Richard Epstein At The Hoover Institution: “No ‘Sachs Appeal'”

Full piece here.

Epstein strives to clear the air from Jeffrey Sachs mischaracterizations of libertarianism, as the libertarian/liberal debate continues (libertarians may be enjoying a high watermark during such a liberal administration as they push back against modern liberalism on the shared turf of liberty):

‘Since Sachs does not offer a systematic account of what it is to be a libertarian, I shall try here to fill that gap in order to explain why his views are so deeply flawed.’

and to do so he makes a distinction:

‘I refer here to the continuous tension between the hard-line anarcho-capitalists and the adherents to classical liberalism. In the former camp is my friend and sparring partner Walter Block,  perhaps the closest living successor to Murray Rothbard, who took the monochromatic position that the sole duties that individuals have to each other are to refrain from the use or threat of force and to honor their promises. The hard-line libertarian treats these duties as the entire sum of the obligations that one person owes to another.’

Modern American liberalism seems to have so desperately lost sight of old-school liberalism as it wanders down the garden path (following the logic of relativism, often pursuing diversity as the highest good…which is to say the threats that excessive individualism and excessive egalitarianism pose to individual liberty and our institutions):

‘But the classical liberal makes two conscious adaptations from hard-line libertarian thought that render it largely immune to the criticisms that Sachs and others lodge against it. The first deals with moral obligations. The second deals with issues of monopoly, taxation, eminent domain, and regulation.’

Modern liberalism does not have a monopoly on moral concern for others nor compassion (as much as some moral psychologists who dip into politics would like it to be so):

‘Nothing whatsoever in anarcho-libertarian theory makes it illegal for persons to show compassion or render assistance to those who are in need. The only sense in which they take a back seat (to the control of force and fraud) is that these imperfect obligations rely on a more diffuse set of sanctions to keep them in place.’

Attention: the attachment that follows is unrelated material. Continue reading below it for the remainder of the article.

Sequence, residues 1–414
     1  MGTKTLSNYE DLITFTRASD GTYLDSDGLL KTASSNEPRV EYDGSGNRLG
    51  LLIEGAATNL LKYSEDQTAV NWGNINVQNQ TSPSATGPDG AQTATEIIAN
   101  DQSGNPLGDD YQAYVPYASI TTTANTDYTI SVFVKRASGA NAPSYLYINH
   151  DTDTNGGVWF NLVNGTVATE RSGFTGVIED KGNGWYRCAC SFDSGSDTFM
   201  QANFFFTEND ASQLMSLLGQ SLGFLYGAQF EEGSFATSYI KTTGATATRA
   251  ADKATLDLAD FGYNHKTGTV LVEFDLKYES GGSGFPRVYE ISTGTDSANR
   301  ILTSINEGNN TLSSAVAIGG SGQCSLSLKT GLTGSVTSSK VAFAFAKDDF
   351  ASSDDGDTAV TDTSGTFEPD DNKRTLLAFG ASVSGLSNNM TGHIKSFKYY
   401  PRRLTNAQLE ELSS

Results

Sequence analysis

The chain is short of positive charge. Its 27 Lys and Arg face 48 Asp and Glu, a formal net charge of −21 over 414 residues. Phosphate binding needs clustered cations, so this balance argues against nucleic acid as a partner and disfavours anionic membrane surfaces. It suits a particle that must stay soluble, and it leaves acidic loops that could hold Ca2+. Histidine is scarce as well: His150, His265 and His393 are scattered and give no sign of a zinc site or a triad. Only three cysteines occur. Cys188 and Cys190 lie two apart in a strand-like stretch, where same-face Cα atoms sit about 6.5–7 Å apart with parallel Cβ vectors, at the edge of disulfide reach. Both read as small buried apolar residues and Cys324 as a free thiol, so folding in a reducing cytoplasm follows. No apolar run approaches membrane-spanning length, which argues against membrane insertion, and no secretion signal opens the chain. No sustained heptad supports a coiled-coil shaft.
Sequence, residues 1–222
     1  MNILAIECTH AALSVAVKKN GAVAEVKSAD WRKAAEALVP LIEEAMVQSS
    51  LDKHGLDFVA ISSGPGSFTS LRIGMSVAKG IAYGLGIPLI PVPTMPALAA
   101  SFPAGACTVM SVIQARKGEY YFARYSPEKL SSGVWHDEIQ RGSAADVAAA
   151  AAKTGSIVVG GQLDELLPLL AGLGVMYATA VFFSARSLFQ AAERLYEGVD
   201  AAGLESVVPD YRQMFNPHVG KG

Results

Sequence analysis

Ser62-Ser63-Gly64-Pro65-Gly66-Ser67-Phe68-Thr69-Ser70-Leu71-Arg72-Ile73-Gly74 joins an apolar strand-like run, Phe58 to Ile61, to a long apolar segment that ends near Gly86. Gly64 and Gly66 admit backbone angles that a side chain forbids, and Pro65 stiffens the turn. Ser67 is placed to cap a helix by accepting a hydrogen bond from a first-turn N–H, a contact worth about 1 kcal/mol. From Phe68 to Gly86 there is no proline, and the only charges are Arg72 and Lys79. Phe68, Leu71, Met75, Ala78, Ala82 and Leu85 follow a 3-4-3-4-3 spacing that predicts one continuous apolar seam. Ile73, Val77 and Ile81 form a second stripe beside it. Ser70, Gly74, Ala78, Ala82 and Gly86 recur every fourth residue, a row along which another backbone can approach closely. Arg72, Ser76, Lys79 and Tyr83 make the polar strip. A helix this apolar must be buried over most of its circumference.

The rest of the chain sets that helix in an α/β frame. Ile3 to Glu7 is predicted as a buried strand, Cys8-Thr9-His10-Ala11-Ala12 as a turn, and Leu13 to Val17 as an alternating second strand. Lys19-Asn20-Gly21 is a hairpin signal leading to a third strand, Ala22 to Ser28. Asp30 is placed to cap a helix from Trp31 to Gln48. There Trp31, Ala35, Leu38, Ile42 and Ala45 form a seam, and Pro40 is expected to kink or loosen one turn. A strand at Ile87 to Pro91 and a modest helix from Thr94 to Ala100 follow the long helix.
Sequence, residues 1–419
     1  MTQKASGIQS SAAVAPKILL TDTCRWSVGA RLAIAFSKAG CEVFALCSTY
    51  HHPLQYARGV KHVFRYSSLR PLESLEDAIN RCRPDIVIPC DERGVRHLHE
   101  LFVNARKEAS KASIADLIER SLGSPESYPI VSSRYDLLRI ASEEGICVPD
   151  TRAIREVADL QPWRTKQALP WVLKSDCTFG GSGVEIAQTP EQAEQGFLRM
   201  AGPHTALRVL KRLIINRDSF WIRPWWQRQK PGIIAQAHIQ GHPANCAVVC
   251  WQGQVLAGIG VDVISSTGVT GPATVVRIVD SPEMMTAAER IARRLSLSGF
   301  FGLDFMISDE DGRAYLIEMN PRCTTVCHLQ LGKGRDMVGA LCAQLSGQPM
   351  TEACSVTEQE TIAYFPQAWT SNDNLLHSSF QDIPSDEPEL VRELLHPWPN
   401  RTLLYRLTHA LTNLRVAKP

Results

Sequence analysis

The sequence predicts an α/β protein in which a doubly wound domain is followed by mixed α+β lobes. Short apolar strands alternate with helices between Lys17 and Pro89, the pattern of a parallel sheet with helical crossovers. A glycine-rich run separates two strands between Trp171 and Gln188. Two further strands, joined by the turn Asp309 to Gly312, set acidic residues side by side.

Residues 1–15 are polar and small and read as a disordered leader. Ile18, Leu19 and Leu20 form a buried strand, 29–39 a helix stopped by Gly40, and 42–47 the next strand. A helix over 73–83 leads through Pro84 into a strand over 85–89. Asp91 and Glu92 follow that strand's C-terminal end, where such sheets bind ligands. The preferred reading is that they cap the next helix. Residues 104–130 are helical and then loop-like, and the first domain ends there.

And as to monopoly, taxation, eminent domain and regulation, you’ll have to click through, as it’s likely worth your time.  Epstein finishes with:

‘These two great systems of thought should be acquitted of all the charges that Jeffrey Sachs makes against them. We have here one of those sad situations in which Sachs’s weak and misconceived attack says more about the intellectual poverty of the author than of the systems that he hopes to undermine with a few deft strokes.’

Related On This Site:  Sachs and Niall Ferguson duke it out: CNN-Fareed Zakaria Via Youtube: ‘Jeff Sachs and Niall Ferguson’

The anarchic tradition:  A Few Thoughts On Robert Nozick’s “Anarchy, State and Utopia”… Two Sunday Quotations By Albert Jay Nock in ‘Anarchist’s Progress’Via Youtube: (1 of 3) Kant, Chomsky and the Problem of KnowledgeLink To Lew Rockwell Via A Reader.

The classical liberal tradition…looking for classical liberals in the postmodern wilderness: Isaiah Berlin’s negative liberty: A Few Thoughts On Isaiah Berlin’s “Two Concepts Of Liberty”… From George Monbiot: ‘How Freedom Became Tyranny’…Looking to supplant religion as moral source for the laws: From The Reason Archives: ‘Discussing Disgust’ Julian Sanchez Interviews Martha Nussbaum.New liberty away from Hobbes?: From Public Reason: A Discussion Of Gerald Gaus’s Book ‘The Order of Public Reason: A Theory of Freedom And Morality In A Diverse And Bounded World’…Richard Rorty tried to tie postmodernism and trendy leftist solidarity to liberalism, but wasn’t exactly classically liberal:  Repost: Another Take On J.S. Mill From “Liberal England”

More liberal mischaracterizations of libertarianism:  From Slate: ‘The Liberty Scam-Why Even Robert Nozick, The Philosophical Father Of Libertarianism, Gave Up On The Movement He Inspired.’From The Boston Review: ‘Libertarianism And Liberty: How Not To Argue For Limited Government And Lower Taxes’

Covering the law and economics from a libertarian perspective: Richard Epstein At The Hoover Institution Journal: ‘Three Cheers for Income Inequality’Richard Epstein At The Hoover Institution: ‘Death By Wealth Tax’

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